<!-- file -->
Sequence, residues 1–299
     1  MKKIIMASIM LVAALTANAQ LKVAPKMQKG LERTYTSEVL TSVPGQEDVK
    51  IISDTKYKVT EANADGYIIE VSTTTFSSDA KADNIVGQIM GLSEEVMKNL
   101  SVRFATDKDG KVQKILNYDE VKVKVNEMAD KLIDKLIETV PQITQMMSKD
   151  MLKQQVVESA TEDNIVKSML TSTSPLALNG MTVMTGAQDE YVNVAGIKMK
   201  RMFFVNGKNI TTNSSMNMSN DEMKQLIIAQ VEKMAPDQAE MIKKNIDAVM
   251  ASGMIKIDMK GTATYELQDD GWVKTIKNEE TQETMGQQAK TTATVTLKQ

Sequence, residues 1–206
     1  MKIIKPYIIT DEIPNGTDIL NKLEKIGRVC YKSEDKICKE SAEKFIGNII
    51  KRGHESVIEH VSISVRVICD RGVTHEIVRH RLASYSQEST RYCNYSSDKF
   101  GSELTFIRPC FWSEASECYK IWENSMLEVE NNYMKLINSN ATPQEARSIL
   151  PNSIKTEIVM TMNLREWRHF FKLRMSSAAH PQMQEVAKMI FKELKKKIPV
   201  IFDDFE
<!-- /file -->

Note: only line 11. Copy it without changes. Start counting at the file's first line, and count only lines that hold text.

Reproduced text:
   101  GSELTFIRPC FWSEASECYK IWENSMLEVE NNYMKLINSN ATPQEARSIL